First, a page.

Yield: 4 Servings
Cook Time: 35 minutes
- 2 tablespoons olive oil
- 1 large yellow onion, diced
- 6 garlic cloves, chopped
- 3 (14 ounce) cans of hunt’s fire roasted tomatoes
- 2 cups chicken stock (or vegetable stock for vegetarian)
- 1/2 cup half and half (skip this if you want)
- 1 tablespoon crushed red pepper (maybe a bit less)
- 10-20 fresh basil leaves, chopped
- salt and pepper, to taste
In a heavy bottomed pot over medium high heat, pour in the olive oil and saute onion until translucent. Add the chopped garlic (except for 1 clove) and sauté with the onion for 2 minutes.
Next, add the cans of fire roasted tomatoes (including the juice) to the pan and cover for about 15 minutes, stirring as needed. Add the chicken stock and half & half and bring to a simmer. Cook uncovered, for 10 minutes or until it has thickened.
Add the remaining chopped garlic clove, crushed red pepper, fresh basil and season to taste with salt and pepper. Lower your heat to medium-low and cook for 5 minutes more.
Using an immersion blender (or carefully transfer soup to a blender), puree soup until there are no large chunks of tomato left. Serve immediately with a hunk of warm french bread and get to dipping!
Store in an airtight container in the fridge for up to 5 days or in the freezer for up to 3 months.
Nutrition Info per 1 serving: 204 calories. 10.7 fat. 22.5 carb. 6 fiber. 4 protein.
Mary Beth Flanders
These beans were a big hit at the 2012 Flanders picnic.
- 2 (15-ounce) cans pork and beans, drained
- 3/4 cup barbecue sauce
- 1 Granny Smith apple, peeled and chopped
- 1 medium onion, chopped
- 1/4 cup golden raisins
- 1/2 cup firmly packed light brown sugar
- 1 teaspoon ground cumin
- 1/2 teaspoon ground red pepper
- 3 bacon slices, halved
- Stir together first 8 ingredients in a lightly greased 2-quart baking dish; top with bacon.
- Bake at 350° for 1 hour.
- Note: We used K.C. Masterpiece Original Barbecue Sauce.
These are delicious and even good cold.
- Delicata squash (or any winter squash)
- Olive oil
- Little butter (optional but makes it more sweet)
- Little salt
- Fresh thyme
Bake at 400 for 20-25 minutes. Try to rotate in between.
Food as Medicine: Super high in beta carotene (which Emily calls “Baby Carotene”) and other anti-oxidants. Healthy, easy and refreshing.
Chill melon. Blend seeds and webbing, along with one whole cantaloupe (peeled) in a blender. When you peel the melon, cut it very close to the rind–that’s where the vitamins are, as well as in the seeds and webbing. Add some cinnamon, nutmeg, and ginger before you blend. Makes two to three servings. Enjoy.
Food as Medicine: Here is a list of common produce items that you should print out, cut out and carry in your wallet. According to the Environmental Working Group, you should always buy organic from the list of “The Dirty Dozen,” as these are the most contaminated with pesticides and herbicides. Foods from The Clean 15 are not as contaminated, so you can safely buy them conventionally (and usually less expensively).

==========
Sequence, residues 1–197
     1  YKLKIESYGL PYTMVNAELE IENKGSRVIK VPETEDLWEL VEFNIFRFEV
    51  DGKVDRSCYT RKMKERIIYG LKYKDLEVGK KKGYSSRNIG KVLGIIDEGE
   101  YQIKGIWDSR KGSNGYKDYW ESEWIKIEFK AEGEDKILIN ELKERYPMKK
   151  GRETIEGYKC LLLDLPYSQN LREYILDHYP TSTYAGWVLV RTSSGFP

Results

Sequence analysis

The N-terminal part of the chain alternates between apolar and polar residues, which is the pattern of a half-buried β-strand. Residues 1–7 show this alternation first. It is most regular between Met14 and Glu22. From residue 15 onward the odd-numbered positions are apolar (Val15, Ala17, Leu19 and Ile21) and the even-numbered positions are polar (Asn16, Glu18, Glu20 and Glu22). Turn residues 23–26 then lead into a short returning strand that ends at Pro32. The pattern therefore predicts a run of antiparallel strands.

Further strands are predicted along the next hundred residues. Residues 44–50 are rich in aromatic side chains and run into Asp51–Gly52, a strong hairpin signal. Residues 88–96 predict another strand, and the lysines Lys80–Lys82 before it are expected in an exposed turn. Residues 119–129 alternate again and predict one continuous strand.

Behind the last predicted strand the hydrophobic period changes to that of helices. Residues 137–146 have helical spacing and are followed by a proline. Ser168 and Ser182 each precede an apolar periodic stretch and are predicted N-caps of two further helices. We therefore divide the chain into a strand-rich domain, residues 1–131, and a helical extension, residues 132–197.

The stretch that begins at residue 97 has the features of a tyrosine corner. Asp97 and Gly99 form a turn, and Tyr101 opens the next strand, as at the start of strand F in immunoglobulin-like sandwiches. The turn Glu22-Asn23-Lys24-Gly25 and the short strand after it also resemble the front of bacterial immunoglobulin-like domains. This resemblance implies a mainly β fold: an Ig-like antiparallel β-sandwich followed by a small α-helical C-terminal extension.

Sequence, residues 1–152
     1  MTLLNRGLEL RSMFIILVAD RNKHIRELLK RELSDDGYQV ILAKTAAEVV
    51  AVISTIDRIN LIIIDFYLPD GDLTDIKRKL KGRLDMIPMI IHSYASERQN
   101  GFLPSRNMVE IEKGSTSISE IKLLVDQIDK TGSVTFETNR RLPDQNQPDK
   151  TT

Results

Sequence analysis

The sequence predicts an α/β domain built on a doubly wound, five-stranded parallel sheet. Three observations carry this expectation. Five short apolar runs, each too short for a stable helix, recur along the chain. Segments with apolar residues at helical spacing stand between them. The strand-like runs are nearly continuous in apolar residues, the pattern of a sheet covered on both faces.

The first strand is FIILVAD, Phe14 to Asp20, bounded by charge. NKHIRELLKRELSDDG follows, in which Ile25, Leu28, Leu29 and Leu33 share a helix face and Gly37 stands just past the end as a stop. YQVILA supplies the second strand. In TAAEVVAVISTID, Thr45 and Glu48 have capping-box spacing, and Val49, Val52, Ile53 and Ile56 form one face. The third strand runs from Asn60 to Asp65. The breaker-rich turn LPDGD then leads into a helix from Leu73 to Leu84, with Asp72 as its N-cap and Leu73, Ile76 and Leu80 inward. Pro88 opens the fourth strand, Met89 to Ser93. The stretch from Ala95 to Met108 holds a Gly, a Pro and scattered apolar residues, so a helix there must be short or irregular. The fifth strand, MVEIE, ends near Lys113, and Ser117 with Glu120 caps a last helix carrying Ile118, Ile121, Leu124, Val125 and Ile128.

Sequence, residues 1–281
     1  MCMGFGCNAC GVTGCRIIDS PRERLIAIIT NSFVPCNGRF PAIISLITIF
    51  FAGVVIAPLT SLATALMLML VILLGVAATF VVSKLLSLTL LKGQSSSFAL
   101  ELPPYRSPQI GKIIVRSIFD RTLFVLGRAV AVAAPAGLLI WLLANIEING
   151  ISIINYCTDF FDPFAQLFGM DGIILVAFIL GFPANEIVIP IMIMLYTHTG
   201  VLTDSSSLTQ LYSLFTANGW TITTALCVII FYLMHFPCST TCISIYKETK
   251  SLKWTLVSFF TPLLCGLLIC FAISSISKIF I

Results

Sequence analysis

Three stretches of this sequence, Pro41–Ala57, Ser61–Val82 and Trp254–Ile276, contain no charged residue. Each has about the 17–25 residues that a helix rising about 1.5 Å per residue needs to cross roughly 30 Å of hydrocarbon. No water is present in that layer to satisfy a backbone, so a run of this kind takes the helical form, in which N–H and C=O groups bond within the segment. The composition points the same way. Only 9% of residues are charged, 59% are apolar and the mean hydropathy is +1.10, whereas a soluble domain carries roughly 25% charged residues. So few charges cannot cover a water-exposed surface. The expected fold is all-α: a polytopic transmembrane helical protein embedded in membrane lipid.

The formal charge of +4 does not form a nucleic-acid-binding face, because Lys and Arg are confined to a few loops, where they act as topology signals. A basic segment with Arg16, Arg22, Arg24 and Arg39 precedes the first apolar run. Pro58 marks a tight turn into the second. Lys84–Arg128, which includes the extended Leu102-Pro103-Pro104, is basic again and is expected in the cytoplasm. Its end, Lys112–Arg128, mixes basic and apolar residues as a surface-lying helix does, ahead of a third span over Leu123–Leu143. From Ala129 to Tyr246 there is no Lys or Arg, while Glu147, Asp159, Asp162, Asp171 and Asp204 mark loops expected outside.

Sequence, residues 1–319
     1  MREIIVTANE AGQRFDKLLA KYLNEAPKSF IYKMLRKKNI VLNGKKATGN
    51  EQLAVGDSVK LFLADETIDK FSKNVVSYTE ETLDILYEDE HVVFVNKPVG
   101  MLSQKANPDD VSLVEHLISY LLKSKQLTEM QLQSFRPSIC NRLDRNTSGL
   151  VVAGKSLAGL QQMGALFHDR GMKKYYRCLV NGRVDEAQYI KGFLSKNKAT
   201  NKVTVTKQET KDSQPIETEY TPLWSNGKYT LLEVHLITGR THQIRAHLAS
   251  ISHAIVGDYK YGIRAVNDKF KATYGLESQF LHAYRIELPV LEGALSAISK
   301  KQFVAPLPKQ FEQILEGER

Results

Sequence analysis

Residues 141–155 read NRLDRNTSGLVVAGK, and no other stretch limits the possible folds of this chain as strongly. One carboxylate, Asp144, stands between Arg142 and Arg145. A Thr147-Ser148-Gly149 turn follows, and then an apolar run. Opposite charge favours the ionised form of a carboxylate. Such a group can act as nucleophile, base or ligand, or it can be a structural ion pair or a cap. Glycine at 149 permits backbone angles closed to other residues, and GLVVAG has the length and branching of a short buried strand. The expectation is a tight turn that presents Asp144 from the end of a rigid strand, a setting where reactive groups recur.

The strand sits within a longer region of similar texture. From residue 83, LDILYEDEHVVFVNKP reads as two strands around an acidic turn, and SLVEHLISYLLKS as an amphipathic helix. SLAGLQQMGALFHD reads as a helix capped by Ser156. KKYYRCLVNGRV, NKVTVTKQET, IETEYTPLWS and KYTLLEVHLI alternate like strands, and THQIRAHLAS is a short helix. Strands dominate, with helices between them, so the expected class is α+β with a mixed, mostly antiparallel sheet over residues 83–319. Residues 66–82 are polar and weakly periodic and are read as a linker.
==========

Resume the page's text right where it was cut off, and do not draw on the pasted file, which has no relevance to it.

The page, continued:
The Dirty Dozen
- Bell Peppers
- White potatoes
- Grapes (imported)
The Clean Fifteen
- Sweet corn
- Sweet peas
- Sweet Potato
Food as Medicine: This is a super easy raw appetizer. Seaweed is another “superfood” that has many health benefits.
- 5 sheets Nori (seaweed)
- 1 cup Seed cheese
- ½ cup shredded Carrots
- ½ cup diced Celery
- 1 cup Alfalfa Sprouts
- 1 cup sprouted Sunflower or buckwheat sprouts
- 1 julienne sliced Red pepper
- 1 cup finely chopped Cucumber
Divide seed cheese into 5 portions. Spread seed cheese on Nori sheets, leaving a clear area about ½ inch from each side. Then layer with carrots, celery, sprouts, red peppers, and cucumber.
Roll like a California Roll, then slice each roll into 5 or 6 pieces. Makes 25-30 appetizers.
Put into a Vitamix or other blender:
- 16 oz frozen, organic sweet corn (thawed) or 2 large organic ears of corn (cut from cob)
- 1 1/2 T almond butter
- 1 and 1/2 cups pure water (or 1 ½ cup prepared almond milk)
- 2 T. chopped onion
- 1 t. cumin
- 1/4 t. sea salt
- a dash of red pepper flakes
Place in bowls in dehydrator at 105 degrees for 45 min., or, if you don’t have a dehydrator, put in pan on stove top on low heat until your finger gets hot when you touch the bottom of the pan. It should be warm — not hot — to preserve the nutrients and enzymes.
Serve in beautiful bowls and sprinkle with paprika and sprouts and/or chopped red pepper. A very rich and filling soup. To your health!
Food as Medicine: Seed cheese is a staple of the raw food diet. It is a valuable source of protein and high quality fats. Soaking seeds and nuts reduces the amount of fat by about 30% and releases the bioavailability of enzymes and nutrients.
- 1 c. sunflower seeds (no hulls) soaked overnight
- 2-3 cloves garlic
- Juice of 1/2 lemon
- Add 1 T water or Rejuvelac to desired consistency
Drain and rinse soaked sunflower seeds. Put all into a blender until consistency of hummus. Cover and refrigerate up to 3 days. Serve in a pita or tortilla with chopped veggies, or as a “raw wrap” in leaves of cabbage, lettuce, or Napa cabbage. Or, serve on sliced cuks, zucchini or other veggies.
Food as Medicine: Sweet potatoes have a reputation among health food advocates as one of the most densely nutritious (but surprisingly low-calorie) foods on the market.
- 3-4 Yams or Sweet Potatoes
- 1 pint Sesame or almond milk
- ½ t. Cinnamon
- ½ Avocado
Combine above ingredients in blender until smooth. If you want it slightly warm, heat on stovetop just until your finger is hot when you touch the bottom of the pan.
You can add some optional seasonings: